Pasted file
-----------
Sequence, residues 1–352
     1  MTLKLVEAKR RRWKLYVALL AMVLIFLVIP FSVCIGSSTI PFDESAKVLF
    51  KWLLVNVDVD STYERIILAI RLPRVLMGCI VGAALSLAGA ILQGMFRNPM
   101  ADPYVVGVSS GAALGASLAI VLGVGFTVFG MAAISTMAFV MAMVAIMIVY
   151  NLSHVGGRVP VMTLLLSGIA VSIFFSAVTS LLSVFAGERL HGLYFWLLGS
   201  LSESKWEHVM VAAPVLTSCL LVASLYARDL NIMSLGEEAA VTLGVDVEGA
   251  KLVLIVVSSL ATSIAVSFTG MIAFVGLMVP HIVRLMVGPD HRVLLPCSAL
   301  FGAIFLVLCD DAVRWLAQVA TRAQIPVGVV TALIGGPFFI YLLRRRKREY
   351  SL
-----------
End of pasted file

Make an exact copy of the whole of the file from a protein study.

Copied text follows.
Sequence, residues 1–352
     1  MTLKLVEAKR RRWKLYVALL AMVLIFLVIP FSVCIGSSTI PFDESAKVLF
    51  KWLLVNVDVD STYERIILAI RLPRVLMGCI VGAALSLAGA ILQGMFRNPM
   101  ADPYVVGVSS GAALGASLAI VLGVGFTVFG MAAISTMAFV MAMVAIMIVY
   151  NLSHVGGRVP VMTLLLSGIA VSIFFSAVTS LLSVFAGERL HGLYFWLLGS
   201  LSESKWEHVM VAAPVLTSCL LVASLYARDL NIMSLGEEAA VTLGVDVEGA
   251  KLVLIVVSSL ATSIAVSFTG MIAFVGLMVP HIVRLMVGPD HRVLLPCSAL
   301  FGAIFLVLCD DAVRWLAQVA TRAQIPVGVV TALIGGPFFI YLLRRRKREY
   351  SL